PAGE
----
Guest Commentary

Learning from the Nazis’ rise to power, through the eyes of U.S. newspapers

On Nov. 10, 1938, The Kansas City Star’s front page alerted its readers to a new crisis overseas. Alongside the news of the Turkish president’s death and of American novelist Pearl Buck being awarded the Nobel Prize in Literature, a headline blared: “Nazi Hate Burns.” Multiple subheadings informed readers of the Kristallnacht attacks the previous two days. Throughout Nazi Germany, which included recently-annexed Austria and parts of Czechoslovakia, Jewish shops had been destroyed, synagogues scorched and homes looted. Thirty thousand Jewish men and boys were rounded up and sent to concentration camps, told they’d only be released once they promised to immigrate elsewhere. Few countries, however, welcomed Jewish refugees.

The noose was tightening. And although residents of Kansas City could not have imagined that the Nazi regime and its collaborators would turn to mass murder within three years, it was clear then that Europe’s Jews were in serious danger. “Jews Believe They May Be Compelled to Leave the Country,” one Star subheadline warned.

Last week, the U.S. Holocaust Memorial Museum in Washington, D.C., opened a new exhibition, “Americans and the Holocaust,” which examines the United States during the 1930s and 1940s, and the breadth of American responses to Nazism, World War II and the Nazi-sponsored genocide of European Jews.

A major part of the new exhibition concerns news itself: As the Kristallnacht coverage in The Star indicates, “Americans and the Holocaust” corrects the common misconception that Americans did not know or were indifferent to the threats Nazism posed to German Jews and to world peace.

Museum historians could never have found this nationwide coverage on our own. Two years ago, in preparation for the exhibition, we launched a crowd-sourcing project, “History Unfolded.” Museum staff asked students, teachers, librarians and history buffs across the country to research their local newspapers and determine what kind of information their community could have found about Nazi Germany and the Holocaust.

With the help of hundreds of students and dedicated volunteers, the museum built an extensive online archive of American newspaper coverage of key Holocaust events, including more than 15,000 submissions from every state. Each article is important historical evidence.

The “History Unfolded” database shows that as soon as Adolf Hitler became Germany’s chancellor, American newspapers reported on the new Nazi regime’s economic, social and physical attacks on Jews. On April 2, 1933, The Star reported on antisemitic boycotts in Germany, printing the article alongside four large photographs of German crowds and Nazi stormtroopers. The caption read, “Imperialistic Atmosphere Reigns Again in Germany as the Nazis Assume Control of Government.”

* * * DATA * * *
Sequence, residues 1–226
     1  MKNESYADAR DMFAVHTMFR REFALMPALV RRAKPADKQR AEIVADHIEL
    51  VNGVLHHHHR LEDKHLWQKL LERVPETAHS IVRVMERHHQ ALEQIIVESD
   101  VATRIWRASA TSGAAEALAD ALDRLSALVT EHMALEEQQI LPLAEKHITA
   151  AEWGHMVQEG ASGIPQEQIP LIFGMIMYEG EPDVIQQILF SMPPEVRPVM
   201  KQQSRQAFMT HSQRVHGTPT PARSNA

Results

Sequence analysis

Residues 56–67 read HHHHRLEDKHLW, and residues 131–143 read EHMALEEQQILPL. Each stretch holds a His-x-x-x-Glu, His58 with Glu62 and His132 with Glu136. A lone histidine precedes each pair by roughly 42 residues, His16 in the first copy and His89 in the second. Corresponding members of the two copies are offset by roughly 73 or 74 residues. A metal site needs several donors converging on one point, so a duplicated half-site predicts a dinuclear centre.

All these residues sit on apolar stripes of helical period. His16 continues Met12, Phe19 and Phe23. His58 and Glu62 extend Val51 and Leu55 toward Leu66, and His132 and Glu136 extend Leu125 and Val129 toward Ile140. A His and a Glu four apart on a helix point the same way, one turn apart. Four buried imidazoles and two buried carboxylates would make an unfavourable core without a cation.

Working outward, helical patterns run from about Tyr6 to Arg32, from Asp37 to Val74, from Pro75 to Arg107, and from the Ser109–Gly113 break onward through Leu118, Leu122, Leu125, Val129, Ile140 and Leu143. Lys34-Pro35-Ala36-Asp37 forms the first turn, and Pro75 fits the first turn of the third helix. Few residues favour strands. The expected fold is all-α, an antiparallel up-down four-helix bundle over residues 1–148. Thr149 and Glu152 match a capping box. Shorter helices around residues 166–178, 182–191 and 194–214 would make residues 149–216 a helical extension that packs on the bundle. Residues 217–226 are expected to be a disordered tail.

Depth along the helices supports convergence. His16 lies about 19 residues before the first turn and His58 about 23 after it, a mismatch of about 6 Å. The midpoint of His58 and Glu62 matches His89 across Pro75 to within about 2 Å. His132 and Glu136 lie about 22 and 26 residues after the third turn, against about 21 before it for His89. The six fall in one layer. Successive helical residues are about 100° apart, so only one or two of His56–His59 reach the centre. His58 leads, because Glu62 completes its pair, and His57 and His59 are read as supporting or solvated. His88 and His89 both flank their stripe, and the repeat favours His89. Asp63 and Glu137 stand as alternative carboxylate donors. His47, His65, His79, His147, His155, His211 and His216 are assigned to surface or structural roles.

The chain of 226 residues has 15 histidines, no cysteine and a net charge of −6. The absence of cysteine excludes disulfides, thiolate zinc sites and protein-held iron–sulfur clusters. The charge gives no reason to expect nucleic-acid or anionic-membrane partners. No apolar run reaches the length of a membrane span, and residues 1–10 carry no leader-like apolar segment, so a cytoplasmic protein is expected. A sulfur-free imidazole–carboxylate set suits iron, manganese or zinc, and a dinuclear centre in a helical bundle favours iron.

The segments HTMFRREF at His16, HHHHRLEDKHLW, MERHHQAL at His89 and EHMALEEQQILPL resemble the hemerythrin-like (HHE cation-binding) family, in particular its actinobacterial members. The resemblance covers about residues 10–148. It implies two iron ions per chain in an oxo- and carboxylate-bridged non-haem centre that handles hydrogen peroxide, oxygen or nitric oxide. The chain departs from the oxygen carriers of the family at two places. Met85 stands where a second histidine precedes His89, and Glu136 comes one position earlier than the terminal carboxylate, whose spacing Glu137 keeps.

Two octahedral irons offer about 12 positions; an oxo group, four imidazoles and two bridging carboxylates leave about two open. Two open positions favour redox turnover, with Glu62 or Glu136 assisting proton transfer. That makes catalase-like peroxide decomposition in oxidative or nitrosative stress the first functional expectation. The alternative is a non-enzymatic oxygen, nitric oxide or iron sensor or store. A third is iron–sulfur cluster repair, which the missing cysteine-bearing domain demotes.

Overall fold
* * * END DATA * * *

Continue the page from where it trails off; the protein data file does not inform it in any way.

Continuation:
Headlines do not always translate into readers taking action. In 1933, one-third of America’s population subscribed to a local newspaper, but 25 percent of the American workforce was unemployed. At the time, Nazi Germany’s persecution of its own citizens was considered a question of national sovereignty, and President Franklin Roosevelt’s administration decided not to issue a formal diplomatic protest.

Five years later, however, reports of the Kristallnacht attacks appeared in American newspapers nationwide. And some Americans, including in Kansas, took action. Undergraduates from at least 200 colleges and universities raised money to aid refugee students, many of whom were Jewish and in need of student visas to enter the United States. The 200-person student body at McPherson College, a small Christian school in McPherson, Kan., raised $250 (about $4,500 today) to support a refugee student. An aid worker wrote, “The student body of the College has raised this money at some sacrifice, since it is not a wealthy school, and they are looking forward to the arrival of a German student.” Eighteen-year-old Tom Doeppner, German-born and targeted by the Nazis for his Jewish heritage, gratefully accepted the scholarship and traveled from the Netherlands to safety in the United States. He loved Kansas, and after graduation, joined the U.S. Army, fought in World War II, and spent his career in the military — all thanks to McPherson students, who read the newspaper and took action.

The “Americans and the Holocaust” exhibition reveals that the students at McPherson College were an exception in America at the time. Although many here knew about the threats of Nazism, there was not a groundswell of national action, given concerns about the Great Depression, immigration, national security, and war — as well as a culture of antisemitism, racism, xenophobia, and isolationism.

There are still many more stories, like McPherson College’s, to uncover. “History Unfolded” will continue to collect newspaper articles until at least 2021. Interested students and citizen historians should visit newspapers.ushmm.org to learn how to participate.

Rebecca Erbelding is a historian and an archivist and curator at the U.S. Holocaust Memorial Museum.

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